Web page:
The crew never told us what their main objective or plan was. They had a list of people who were moving ahead and others likes me who were just sitting ducks so that we could fill in as a crowd to showcase.
This would have been totally fine had the show been an Ekta Kapoor serial, but the MasterChef logo fooled us to believe otherwise.
I prepared my ingredients a day before and spent hours making individual elements that would go together to make a beautiful dish.
When I presented this dish in front of the chef, all he said was, who made these edible pearls? Seriously?? Aren’t you auditioning for MasterChef?
Food spherification is challenging but don’t you expect the people auditioning for a show like MasterChef India to have a bit of a skill?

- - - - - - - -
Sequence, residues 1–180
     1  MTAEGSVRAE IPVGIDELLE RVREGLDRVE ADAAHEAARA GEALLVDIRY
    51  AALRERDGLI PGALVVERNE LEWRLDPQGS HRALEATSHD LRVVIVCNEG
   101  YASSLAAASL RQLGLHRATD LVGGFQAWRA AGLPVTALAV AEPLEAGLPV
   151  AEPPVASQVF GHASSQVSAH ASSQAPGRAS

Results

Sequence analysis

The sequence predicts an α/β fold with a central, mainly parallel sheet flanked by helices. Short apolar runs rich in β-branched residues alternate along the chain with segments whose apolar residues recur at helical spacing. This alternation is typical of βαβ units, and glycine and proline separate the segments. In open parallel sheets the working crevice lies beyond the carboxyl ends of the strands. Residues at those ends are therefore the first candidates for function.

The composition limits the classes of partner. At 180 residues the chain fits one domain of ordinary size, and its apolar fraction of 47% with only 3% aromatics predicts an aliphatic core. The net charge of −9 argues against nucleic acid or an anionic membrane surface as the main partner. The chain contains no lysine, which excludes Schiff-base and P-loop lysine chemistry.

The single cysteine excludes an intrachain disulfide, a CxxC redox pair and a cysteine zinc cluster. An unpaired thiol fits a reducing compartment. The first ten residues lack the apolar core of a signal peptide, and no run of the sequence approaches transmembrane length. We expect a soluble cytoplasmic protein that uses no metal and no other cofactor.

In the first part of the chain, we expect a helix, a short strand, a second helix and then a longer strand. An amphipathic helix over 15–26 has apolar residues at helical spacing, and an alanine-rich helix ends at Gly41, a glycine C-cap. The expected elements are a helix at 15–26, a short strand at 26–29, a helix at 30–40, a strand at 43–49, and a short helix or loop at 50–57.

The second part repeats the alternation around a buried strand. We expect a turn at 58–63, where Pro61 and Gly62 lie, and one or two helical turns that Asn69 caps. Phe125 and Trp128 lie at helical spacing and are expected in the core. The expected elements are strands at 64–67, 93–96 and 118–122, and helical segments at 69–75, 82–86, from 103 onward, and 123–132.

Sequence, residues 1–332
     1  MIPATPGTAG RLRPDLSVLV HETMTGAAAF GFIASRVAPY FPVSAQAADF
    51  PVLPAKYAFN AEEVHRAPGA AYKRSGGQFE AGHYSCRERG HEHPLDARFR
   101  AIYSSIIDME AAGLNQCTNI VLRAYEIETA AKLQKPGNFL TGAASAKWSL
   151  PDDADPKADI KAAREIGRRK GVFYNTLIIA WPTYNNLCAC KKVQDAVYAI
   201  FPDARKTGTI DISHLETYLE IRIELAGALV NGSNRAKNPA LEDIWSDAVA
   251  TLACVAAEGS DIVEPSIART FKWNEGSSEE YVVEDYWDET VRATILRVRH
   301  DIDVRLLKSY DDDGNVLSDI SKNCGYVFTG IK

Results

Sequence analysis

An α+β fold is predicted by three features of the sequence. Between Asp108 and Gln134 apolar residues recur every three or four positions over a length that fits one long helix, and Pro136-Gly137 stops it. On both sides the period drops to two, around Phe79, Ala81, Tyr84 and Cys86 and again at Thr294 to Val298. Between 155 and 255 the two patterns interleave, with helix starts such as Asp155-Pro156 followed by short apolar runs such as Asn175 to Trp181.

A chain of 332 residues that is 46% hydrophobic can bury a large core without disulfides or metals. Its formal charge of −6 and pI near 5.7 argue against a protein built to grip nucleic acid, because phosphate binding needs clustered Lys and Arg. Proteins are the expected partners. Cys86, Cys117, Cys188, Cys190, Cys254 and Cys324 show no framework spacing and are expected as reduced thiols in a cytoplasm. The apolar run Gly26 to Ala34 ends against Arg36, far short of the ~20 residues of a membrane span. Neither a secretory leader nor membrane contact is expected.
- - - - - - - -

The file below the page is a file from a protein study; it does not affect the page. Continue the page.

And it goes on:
The lady from Endemol Shine team who auditioned me for level two cringed when she licked a drop of my white chocolate whiskey mousse. Apparently, she doesn’t like alcohol.
So, I should know their personal likes and dislikes other than training myself for acting, singing and dancing and have a sob story to make it through ahead.
They ruined my whole Diwali weekend to tell me that I was not worthy enough for them. I could have sat and sulked over it or resumed the festival that we celebrate and cherish each year.
So I buckled up and went back to my family, who were eagerly waiting for me to come home and resume the preparations for Diwali next day.
We bitched about the whole saga for a while and took out the new dresses, the diyas and played a game of cards.
We celebrated our Diwali with an awesome photoshoot, a couple of cricket matches and carried on with our merry. I wasn’t going to let some foolish, greedy, and shallow people ruin my Diwali.
In retrospect, I realised I needed to write about my experience. And to think about it all, I would like to ask the boss-director-girl-lady, is this writing good enough for you?